Using parent() in a for loop - javascript

I am creating a chrome extension that blocks all porn results on all torrent search engine sites.
So I am trying to retrieve the name of the torrents and check them against the array of strings containing blocked (adult/porn) words that I created. If it matches the array word then it should set the display of the parent element to none. But parent() from jQuery doesn't seem to work around this in a for loop. This is the code that I am using.
// 'blockedWords' is the array.
// '$("dl dt")' contains the words that I am checking against strings from
// the array 'blockedWords'.
for (var i = 0; i < $("dl dt").length; i++) {
for (var j = 0; j < blockedWords.length; j++) {
if($("dl dt")[i].innerText.indexOf(blockedWords[j]) > -1){
$(this).parent().style.display= "none"; // 1st Method or
$("dl dt")[i].parent().style.display= "none"; // 2nd Method
// 1st Method shows the error 'Cannot set property 'display' of undefined'
// 2nd Method shows the error '$(...)[i].parent is not a function'
// '$("dl dt")[i].parent().style.display' doesn't work but
// '$("dl dt").parent().style.display' doesn't work either
// '$("dl dt")[i].style.display' works perfectly without parent().
I have also tried 'parents()'.
Any help will be appreciated :).
As a newbie, I am also open to any other suggestions or recommendations.
And I would be really grateful if you could explain your code as well :)
And by the way, can you believe there are more than 500 porn companies out there :o :P :D

Since you have jQuery, you can avoid using nested for-loops using jQuery's filter() and JavaScript reduce(s,v):
// Filter function removes elements that return a false/falsey value like 0
$("dl dt").filter(function() {
// Save current element's innerText so we can use it within the reduce function
var str = $(this).text();
// Return sum of reduce function
return blockedWords.reduce(function(s, v) {
// For each item in blockedWords array, check whether it exists in the string. Add to total number of matches.
return s + !!~str.indexOf(v);
}, 0); // 0 = intial value of reduce function (number of matches)
}).parent().hide(); // Hide elements which pass through the filter function
var blockedWords = [
'shit', 'fuck', 'sex'
$("dl dt").filter(function() {
var str = $(this).text();
return blockedWords.reduce(function(s, v) {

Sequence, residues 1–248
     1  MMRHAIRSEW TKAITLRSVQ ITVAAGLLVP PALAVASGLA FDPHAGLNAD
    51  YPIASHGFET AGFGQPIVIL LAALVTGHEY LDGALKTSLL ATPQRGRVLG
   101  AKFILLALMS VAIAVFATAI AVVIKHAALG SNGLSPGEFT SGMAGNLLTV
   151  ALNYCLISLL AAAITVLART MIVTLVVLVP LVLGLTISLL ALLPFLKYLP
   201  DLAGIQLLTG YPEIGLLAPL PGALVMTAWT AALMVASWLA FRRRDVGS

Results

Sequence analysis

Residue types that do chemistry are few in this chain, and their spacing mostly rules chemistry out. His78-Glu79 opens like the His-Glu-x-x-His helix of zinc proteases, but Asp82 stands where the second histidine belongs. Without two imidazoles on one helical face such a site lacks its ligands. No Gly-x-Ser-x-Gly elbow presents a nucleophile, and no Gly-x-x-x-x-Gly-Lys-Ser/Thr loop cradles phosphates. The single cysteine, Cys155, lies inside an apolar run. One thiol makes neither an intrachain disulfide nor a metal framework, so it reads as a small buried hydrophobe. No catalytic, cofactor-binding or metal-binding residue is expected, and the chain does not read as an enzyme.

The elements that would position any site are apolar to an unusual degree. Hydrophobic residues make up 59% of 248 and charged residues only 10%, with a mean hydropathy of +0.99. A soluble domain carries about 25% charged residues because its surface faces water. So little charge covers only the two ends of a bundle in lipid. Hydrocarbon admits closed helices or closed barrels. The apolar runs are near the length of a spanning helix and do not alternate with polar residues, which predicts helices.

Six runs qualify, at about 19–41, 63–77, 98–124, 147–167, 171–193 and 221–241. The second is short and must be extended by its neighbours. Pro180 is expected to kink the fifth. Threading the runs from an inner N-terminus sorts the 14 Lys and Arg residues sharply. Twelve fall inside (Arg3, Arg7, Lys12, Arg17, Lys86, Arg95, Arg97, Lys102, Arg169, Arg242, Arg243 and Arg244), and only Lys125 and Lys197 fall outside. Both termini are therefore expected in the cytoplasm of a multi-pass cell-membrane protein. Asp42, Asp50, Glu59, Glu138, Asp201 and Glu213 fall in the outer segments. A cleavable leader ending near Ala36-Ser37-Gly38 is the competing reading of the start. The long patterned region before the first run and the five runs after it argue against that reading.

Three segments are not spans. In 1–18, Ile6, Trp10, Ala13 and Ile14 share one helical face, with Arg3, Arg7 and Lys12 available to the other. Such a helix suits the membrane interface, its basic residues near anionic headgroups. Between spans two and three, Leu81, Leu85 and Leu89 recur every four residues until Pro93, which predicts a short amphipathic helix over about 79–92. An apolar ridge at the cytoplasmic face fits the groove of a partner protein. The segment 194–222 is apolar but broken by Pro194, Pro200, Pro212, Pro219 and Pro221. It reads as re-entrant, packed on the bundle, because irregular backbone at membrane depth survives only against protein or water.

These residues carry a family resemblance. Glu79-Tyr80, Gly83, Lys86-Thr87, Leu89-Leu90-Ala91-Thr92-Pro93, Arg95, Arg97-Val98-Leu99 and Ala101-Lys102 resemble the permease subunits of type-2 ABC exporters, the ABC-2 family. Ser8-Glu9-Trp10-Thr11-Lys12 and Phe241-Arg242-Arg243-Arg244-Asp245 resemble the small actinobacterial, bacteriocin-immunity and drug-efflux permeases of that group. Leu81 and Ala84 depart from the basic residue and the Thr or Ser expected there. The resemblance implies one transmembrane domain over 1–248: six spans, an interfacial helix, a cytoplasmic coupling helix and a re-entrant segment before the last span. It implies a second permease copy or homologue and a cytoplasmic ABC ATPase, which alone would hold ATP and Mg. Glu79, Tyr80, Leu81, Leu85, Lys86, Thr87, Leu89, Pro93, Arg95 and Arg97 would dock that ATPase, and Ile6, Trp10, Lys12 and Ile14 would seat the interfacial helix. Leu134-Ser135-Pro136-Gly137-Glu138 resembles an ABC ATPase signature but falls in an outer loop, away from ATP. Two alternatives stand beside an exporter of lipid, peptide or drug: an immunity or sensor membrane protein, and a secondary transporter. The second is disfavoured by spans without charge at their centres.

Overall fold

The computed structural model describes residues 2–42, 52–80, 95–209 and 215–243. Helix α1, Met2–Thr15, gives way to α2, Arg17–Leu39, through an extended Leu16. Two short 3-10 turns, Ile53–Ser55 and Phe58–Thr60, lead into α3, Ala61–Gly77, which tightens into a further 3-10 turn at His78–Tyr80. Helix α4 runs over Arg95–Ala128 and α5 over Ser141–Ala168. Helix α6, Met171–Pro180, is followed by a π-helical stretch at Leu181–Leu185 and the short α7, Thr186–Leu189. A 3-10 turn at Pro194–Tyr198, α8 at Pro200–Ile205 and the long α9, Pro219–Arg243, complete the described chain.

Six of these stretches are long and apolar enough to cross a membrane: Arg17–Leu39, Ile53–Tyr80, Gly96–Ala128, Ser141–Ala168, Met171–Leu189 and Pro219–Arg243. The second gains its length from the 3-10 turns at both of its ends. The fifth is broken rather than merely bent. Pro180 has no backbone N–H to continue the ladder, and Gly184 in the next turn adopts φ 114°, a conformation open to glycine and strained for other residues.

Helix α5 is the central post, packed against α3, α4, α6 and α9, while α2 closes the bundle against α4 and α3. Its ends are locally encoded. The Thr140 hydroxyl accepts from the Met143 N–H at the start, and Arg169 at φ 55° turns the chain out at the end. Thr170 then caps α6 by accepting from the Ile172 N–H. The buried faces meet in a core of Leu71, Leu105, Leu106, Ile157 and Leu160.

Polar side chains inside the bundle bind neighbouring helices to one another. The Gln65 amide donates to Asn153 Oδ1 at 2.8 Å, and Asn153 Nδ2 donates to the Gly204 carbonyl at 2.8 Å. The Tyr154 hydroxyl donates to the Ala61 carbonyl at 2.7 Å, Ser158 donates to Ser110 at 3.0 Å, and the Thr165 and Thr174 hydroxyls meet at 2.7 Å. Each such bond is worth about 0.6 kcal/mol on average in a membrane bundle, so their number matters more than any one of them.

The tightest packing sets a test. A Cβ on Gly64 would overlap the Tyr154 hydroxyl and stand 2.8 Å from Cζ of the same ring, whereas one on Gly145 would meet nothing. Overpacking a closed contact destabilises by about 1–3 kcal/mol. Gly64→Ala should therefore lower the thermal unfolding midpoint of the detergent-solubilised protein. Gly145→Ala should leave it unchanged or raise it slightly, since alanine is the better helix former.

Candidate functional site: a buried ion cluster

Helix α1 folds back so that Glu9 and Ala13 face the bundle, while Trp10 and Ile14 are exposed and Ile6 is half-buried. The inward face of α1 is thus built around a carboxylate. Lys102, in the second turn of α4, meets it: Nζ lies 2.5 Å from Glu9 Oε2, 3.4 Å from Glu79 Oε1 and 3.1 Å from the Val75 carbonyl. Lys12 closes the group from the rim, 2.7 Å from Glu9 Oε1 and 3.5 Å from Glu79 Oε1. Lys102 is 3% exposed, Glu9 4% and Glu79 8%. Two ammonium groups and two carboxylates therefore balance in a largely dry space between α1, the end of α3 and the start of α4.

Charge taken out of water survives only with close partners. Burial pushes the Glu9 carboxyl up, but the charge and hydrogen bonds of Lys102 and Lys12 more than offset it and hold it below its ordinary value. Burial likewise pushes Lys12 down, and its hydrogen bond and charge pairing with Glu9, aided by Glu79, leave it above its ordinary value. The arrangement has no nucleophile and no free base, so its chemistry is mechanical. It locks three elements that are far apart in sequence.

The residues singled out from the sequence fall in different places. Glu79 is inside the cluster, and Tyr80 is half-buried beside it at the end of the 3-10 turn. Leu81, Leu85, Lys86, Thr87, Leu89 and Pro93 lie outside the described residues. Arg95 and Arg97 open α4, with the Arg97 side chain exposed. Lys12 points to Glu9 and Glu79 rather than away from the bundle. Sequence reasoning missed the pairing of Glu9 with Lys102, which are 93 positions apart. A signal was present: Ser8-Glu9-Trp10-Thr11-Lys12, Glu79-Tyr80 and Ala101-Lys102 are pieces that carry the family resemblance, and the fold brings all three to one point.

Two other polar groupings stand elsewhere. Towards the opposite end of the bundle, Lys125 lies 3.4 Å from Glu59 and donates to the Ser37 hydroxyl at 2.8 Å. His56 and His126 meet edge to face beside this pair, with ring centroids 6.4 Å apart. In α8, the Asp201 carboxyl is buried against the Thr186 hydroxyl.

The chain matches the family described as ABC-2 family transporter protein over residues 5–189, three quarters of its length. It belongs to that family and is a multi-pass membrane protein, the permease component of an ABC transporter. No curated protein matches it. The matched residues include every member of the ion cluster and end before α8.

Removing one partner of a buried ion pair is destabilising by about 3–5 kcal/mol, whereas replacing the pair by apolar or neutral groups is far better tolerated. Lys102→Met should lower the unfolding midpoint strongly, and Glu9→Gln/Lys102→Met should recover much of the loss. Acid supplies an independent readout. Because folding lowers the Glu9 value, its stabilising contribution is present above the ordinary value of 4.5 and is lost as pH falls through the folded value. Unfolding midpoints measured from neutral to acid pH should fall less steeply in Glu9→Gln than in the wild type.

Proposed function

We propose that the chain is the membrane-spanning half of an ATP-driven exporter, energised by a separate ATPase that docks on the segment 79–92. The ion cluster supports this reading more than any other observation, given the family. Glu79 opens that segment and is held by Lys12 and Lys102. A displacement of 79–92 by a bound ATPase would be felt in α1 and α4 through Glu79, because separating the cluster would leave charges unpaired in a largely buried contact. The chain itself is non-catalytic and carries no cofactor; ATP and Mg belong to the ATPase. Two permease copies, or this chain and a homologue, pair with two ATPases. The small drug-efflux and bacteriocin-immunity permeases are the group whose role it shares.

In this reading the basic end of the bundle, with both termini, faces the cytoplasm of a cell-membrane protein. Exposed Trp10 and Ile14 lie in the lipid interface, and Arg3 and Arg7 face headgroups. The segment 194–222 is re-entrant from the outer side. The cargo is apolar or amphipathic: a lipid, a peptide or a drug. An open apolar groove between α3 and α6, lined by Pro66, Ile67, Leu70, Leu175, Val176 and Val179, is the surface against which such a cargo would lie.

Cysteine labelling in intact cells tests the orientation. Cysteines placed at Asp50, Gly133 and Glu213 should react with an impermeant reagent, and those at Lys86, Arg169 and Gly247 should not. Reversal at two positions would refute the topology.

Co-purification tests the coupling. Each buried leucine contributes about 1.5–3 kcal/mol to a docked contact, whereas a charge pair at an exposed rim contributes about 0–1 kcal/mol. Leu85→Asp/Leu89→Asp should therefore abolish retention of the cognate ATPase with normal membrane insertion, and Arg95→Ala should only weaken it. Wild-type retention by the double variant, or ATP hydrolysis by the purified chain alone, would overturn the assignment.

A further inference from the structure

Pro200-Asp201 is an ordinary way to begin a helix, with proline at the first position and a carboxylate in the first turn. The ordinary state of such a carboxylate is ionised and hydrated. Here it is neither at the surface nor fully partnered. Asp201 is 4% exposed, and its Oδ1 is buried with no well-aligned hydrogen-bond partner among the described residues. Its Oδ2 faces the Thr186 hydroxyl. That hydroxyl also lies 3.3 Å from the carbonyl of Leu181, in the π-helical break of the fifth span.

return s + !!~str.indexOf(v);
}, 0);
<script src=""></script>
<dl><dt>this is shit</dt></dl>
<dl><dt>this is okay</dt></dl>
<dl><dt>fuck this</dt></dl>
<dl><dt>no problem</dt></dl>
<dl><dt>sex videos</dt></dl>
EDIT: I apologize for the earlier answer if you saw it, as it was incomplete. I have also added a snippet for demonstration purposes. For further explanation of the reduce algorithm, check this answer out (basically it converts the value of indexOf to either a 0 or 1, because indexOf returns -1 if not found, or another 0-indexed integer of the position if found).

JQuery's parent function returns a JQuery object with the parent element inside of it. If you want to access the element from this object you need to retrieve the element from the object using the bracket notation.
If you were to provide some HTML I would be able to test this and make sure it works, but here is some code that could get you pointed in the right direction to use mostly JQuery instead of relying on for loops with JavaScript.
JQuery Rewrite
$("dl dt").each(function(index, element){
if($.inArray(blockedWords,$(element).text()) > -1) {
$(this).parent().css("display", "block");
$(element).parent().css("display", "block");
The Answer To Your Specific Question
Change this:
$(this).parent().style.display= "none"; // 1st Method or
$("dl dt")[i].parent().style.display= "none"; // 2nd Method
to this:
$(this).parent()[0].style.display= "none"; // 1st Method or
$($("dl dt")[i]).parent()[0].style.display= "none"; // 2nd Method
optionally, you can instead use JQuery's css function like this:
$(this).parent().css("display", "none"); // 1st Method or
$($("dl dt")[i]).parent().css("display","none"); // 2nd Method


Two blocks in getElementById [duplicate]

doStuff(document.getElementById("myCircle1" "myCircle2" "myCircle3" "myCircle4"));
This doesn't work, so do I need a comma or semi-colon to make this work?
document.getElementById() only supports one name at a time and only returns a single node not an array of nodes. You have several different options:
You could implement your own function that takes multiple ids and returns multiple elements.
You could use document.querySelectorAll() that allows you to specify multiple ids in a CSS selector string .
You could put a common class names on all those nodes and use document.getElementsByClassName() with a single class name.
Examples of each option:
doStuff(document.querySelectorAll("#myCircle1, #myCircle2, #myCircle3, #myCircle4"));
// put a common class on each object
function getElementsById(ids) {
var idList = ids.split(" ");
var results = [], item;
for (var i = 0; i < idList.length; i++) {
item = document.getElementById(idList[i]);
if (item) {
doStuff(getElementsById("myCircle1 myCircle2 myCircle3 myCircle4"));
This will not work, getElementById will query only one element by time.